Employer Howard Center appealed a trial court order that confirmed an arbitration award in favor of grievant Daniel Peyser and AFSCME Local 1674. In May 2019, employer expressed concern over grievant’s billing practices, specifically, his submission of billing paperwork in May for services provided in April. Employer told grievant that it was considering disciplining him for “dishonesty and unethical action” concerning the backdated bills. Grievant brought two billing notes from patient records to show that other employees engaged in the same billing practices. Employer did not reprimand grievant for the billing practices. In August 2019, however, employer informed grievant that he breached employer’s confidentiality policy by sharing the billing notes with his union representative at the June meeting. Employer issued a written reprimand to grievant. The reprimand stated that sharing client records without redacting confidential information violated protocols and state and federal regulations, and that grievant knew or should have known of these standards. Employer also explained that it was required to report the breach to state and federal authorities and to those individuals whose records were disclosed. Grievant filed a grievance under the terms of his collective-bargaining agreement, arguing in part that employer lacked just cause to discipline him. In an October 2020 decision, the arbitrator sustained the grievance. Employer then filed an action in the civil division seeking to modify or vacate the arbitrator’s award, arguing in relevant part that the arbitrator manifestly disregarded the law in sustaining the grievance. Employer asked the Vermont Supreme Court to adopt “manifest disregard” of the law as a basis for setting aside the arbitration award and to conclude that the arbitrator violated that standard here. The Supreme Court did not decide whether to adopt the manifest-disregard standard because, assuming arguendo it applied, employer failed to show that its requirements were satisfied. The Court therefore affirmed. View "Howard Center v. AFSCME Local 1674, et al." on Justia Law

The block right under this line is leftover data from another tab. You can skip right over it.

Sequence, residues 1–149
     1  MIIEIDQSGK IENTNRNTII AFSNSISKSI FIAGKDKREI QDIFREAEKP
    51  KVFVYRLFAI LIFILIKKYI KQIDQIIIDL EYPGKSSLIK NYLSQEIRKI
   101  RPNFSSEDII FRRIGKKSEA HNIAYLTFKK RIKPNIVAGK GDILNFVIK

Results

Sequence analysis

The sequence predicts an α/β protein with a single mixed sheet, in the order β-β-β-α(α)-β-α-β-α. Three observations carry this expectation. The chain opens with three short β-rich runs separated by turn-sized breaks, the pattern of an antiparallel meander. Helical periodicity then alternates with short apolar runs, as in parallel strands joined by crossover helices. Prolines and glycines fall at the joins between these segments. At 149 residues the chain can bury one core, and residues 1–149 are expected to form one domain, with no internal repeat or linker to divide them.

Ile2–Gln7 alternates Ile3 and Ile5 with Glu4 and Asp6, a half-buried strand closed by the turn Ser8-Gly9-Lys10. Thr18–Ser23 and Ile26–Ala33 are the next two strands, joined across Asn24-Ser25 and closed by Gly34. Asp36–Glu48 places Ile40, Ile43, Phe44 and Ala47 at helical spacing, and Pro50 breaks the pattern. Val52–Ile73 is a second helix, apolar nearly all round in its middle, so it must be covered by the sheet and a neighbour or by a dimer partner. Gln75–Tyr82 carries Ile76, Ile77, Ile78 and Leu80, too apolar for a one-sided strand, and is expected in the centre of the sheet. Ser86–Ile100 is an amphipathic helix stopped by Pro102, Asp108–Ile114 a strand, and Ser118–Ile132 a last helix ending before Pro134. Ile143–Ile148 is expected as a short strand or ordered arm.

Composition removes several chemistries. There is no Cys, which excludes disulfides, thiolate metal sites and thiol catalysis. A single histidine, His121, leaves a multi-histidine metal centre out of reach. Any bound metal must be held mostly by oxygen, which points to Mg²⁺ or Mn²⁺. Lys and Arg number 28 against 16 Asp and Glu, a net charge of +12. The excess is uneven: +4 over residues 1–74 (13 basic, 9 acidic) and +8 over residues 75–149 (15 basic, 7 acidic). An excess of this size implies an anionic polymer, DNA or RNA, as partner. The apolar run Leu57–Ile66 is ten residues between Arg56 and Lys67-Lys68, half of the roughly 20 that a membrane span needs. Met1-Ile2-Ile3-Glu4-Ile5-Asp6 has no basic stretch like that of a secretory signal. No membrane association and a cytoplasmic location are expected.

by
Claimant Joseph Worrall challenged an Employment Security Board decision finding him ineligible for unemployment compensation and liable to the Vermont Department of Labor for an overpayment. In November 2020, a claims adjudicator found that claimant was disqualified from receiving benefits as of the week ending May 2, 2020, because he left his employment voluntarily without good cause attributable to his employer. The claims adjudicator determined that claimant was obligated to repay $15,028 in overpaid benefits. Claimant argues on appeal that the Board erred in finding him disqualified for benefits. According to claimant, the Board accepted that he undertook efforts to relocate out of state before receiving a return-to-work notice. Based on this premise, claimant asserts that he was “unavailable for work” at the time his employer offered him the opportunity to return and that he was therefore entitled to benefits. Finding no error in the Board's decision, the Vermont Supreme Court affirmed. View "Worrall v. Department of Labor (Snowfire Ltd., Employer)" on Justia Law

by